Ride with the legend Miguel Indurain in the Dolomites
Ride A Pinarello F8 with the legend Miguel Indurain June 22-26 in the Dolomites
Miguel Indurain. Miguelon. Big Mig. Eighty kilos and 1.88m of power and class, a rider blessed not only with intelligence but with the patience needed to make the most of it. A reticent champion, who could still carry a look of timidity while savaging the peloton. A symbol of the new democratic Spain, its youth and its potential, its eagerness to be a part of Europe and the wider world. The first – the only, now – man to win five consecutive Tours de France.
As a professional cyclist, Indurain was many things. And there were some things he was not. The Spaniard was never flashy, and what few critics he had confused that with a lack of panache. The thing is, you don’t need to be ostentatious when you’re the complete package. Miguelon could devour mountains and tear up time trials. On the flat, ascending, descending, in a group, on his own; it didn’t matter. He could – and usually did – win every which way. He was rarely flamboyant, but he was never fearful, either.
Greg LeMond’s back-to-back victories in 1989 and ’90 were big news in the English-speaking world, but in Spain all they only mattered in the context of Indurain. Had he not been riding for Pedro Delgado, the ’88 maillot jaune, could he have beaten the American? Had Spain’s beloved Perico – an anachronistic rider that lived to attack, to entertain and surprise and who often lost because of it – got in the way?
They’d get their answer the next year. Promoted to leader, Indurain showed the world just what he was capable of. Stage 13 from Jaca to Val-Louron included an ascent of the Tourmalet. LeMond had escaped at the bottom of the climb, but Indurain soon overcame gravity and his opponent’s enormous talent to real the American in and leave him behind with ferocious aplomb. After the summit, LeMond used his descending skills to close the gap, but when the road tilted skyward again on the Col d’Aspin, Indurain twisted the knife and increased his lead. Then, upon hearing that the dogged Italian Claudio Chiappucci was in pursuit, he waited. Two heads are better than one against the wind, after all. The pair rallied to the finish, where El Diablo took the stage and Miguelon donned the yellow jersey. It would be his for the next four years.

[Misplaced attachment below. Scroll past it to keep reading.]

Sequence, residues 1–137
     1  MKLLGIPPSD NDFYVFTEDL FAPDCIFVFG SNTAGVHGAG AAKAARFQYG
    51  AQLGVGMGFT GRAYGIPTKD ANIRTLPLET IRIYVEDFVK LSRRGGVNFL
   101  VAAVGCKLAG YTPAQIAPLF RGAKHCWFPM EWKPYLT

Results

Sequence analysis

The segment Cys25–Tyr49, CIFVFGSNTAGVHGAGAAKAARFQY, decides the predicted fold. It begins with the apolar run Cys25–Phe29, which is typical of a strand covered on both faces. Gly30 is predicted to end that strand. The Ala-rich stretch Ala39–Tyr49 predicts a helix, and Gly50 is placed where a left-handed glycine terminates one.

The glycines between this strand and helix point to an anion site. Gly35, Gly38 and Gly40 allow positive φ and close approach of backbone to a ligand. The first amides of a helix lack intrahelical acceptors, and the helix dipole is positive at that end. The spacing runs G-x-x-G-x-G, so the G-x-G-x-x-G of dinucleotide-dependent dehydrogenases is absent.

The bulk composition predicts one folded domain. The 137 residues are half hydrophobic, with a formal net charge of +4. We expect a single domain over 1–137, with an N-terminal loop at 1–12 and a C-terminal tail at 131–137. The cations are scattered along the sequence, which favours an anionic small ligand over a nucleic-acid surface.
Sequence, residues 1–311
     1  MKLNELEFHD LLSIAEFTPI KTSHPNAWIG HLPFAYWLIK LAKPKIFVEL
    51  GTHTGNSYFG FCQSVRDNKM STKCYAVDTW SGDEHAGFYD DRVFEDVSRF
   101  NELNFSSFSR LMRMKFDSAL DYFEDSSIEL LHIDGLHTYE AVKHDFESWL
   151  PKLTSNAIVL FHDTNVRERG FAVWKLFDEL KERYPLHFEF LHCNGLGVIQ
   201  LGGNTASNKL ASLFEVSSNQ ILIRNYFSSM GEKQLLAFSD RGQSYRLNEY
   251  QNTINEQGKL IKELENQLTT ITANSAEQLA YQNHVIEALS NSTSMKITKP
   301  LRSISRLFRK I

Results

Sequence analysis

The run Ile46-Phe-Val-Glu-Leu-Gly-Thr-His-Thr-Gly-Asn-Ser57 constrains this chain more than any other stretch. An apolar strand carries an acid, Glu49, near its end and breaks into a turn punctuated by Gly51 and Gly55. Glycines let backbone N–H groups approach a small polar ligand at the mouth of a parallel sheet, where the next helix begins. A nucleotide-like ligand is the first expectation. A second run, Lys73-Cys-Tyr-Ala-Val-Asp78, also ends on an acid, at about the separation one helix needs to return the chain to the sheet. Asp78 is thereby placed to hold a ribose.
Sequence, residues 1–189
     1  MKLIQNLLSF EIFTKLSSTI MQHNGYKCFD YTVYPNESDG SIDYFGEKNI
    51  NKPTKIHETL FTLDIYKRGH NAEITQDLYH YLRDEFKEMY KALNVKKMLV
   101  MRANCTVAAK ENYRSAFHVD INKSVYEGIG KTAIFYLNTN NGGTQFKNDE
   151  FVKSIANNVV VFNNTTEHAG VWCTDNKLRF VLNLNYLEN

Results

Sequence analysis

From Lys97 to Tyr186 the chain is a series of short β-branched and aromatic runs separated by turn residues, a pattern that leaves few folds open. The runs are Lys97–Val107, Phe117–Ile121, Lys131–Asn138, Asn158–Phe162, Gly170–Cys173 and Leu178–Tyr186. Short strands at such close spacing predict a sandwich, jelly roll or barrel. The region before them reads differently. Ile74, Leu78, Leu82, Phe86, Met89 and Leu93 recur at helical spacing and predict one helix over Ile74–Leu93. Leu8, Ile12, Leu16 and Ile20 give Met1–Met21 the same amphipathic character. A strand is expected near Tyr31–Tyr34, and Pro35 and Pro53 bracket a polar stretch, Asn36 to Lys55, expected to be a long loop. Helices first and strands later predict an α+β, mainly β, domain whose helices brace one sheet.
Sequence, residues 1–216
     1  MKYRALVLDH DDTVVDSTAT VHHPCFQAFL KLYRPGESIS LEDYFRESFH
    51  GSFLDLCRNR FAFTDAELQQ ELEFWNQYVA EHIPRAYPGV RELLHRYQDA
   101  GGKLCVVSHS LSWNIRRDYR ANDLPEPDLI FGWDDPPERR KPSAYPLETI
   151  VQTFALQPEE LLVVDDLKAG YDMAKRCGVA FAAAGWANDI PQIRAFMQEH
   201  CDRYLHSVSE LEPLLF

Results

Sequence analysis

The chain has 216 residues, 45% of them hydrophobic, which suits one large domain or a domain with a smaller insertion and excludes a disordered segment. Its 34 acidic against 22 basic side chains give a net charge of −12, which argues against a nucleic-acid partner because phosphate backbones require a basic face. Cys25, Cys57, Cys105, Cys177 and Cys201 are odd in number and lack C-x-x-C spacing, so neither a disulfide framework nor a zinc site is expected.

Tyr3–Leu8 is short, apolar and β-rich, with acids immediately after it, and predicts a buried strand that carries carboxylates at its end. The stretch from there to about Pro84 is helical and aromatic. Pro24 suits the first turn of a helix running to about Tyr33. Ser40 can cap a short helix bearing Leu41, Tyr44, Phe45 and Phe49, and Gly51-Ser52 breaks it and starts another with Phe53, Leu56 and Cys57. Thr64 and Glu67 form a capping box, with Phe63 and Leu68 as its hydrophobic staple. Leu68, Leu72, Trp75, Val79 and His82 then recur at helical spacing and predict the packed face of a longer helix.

Writing at the time, the French newspaper L’Equipe documented the move with typical style.
“Everything turned around up there, amid the infernal noise of klaxons and helicopters, in that incomporable cacophony of the maddest moments of the Tour de France. Everything was sewn up there, on the last 500 metres of the Tourmalet, on this thread of narrow road, in the midst of the fists and the arms, those thousands of faces deformed by excitement. There were 500 metres and Greg Lemond was hunched savagely on his saddle. He got up. He sat down again. Got up again. He couldn’t pedal any harder. It wasn’t a pretty thing to watch, Lemond, in those moments…”
Watching LeMond, himself a great champion, suffer might not have been pretty, but seeing Indurain take control of the Tour de France was a captivating sight. It set the tone for half a decade. Like a force of nature, like a tidal wave in yellow, he swept up all before him. He won five Tours in a row, at one point wearing the leader’s jersey for an incredible 60 days running. He also won the Giro d’Italia twice – two rare Giro-Tour doubles that would, even had he won nothing else, make him a colossus in the sport. He beat Graeme Obree’s Hour Record. He was time-trial champion at the ’95 Worlds, and added a gold medal to his palmarès in the same discipline at the ’96 Olympics.
Indurain was a rider blessed with tack-sharp acumen and an abundance of race craft, full of time trialling prowess and climbing style, an almost inexhaustible talent, hidden behind a crooked smile and a shy demeanour, even under the brightest and hottest of spotlights. It will be a long time before we see his like again.
Miguel Indurain in the Dolomites: Legendary roads with a legendary rider
As part of our partnership with Pinarello and Hotel La Perla, inGamba is offering an exclusive opportunity to ride with Miguel Indurain this summer, surrounded by the splendour of the Dolomites.
The package Includes:
• Miguel Indurain (5-time Tour de France Winner) led daily ride
• Pinarello Dogma F8 bike with Shimano Di2 and Zipp wheels
• A professional mechanic to fine tune and wash your bike daily
• Team car support on rides with mechanic
• Professional cycling soigneur for post ride massages
• Daily prepared ride food including energy drinks, bars and gels
• Garmin 810 with pre-downloaded routes or files for your GPS
• Pocket size ride map with daily ride and elevation profile
• Recovery drink and light lunch upon return to Pinarello Dogma lounge
• A Giordana FR-C Cycling kit with jersey and bib shorts
• Daily wash & fold service for your riding kit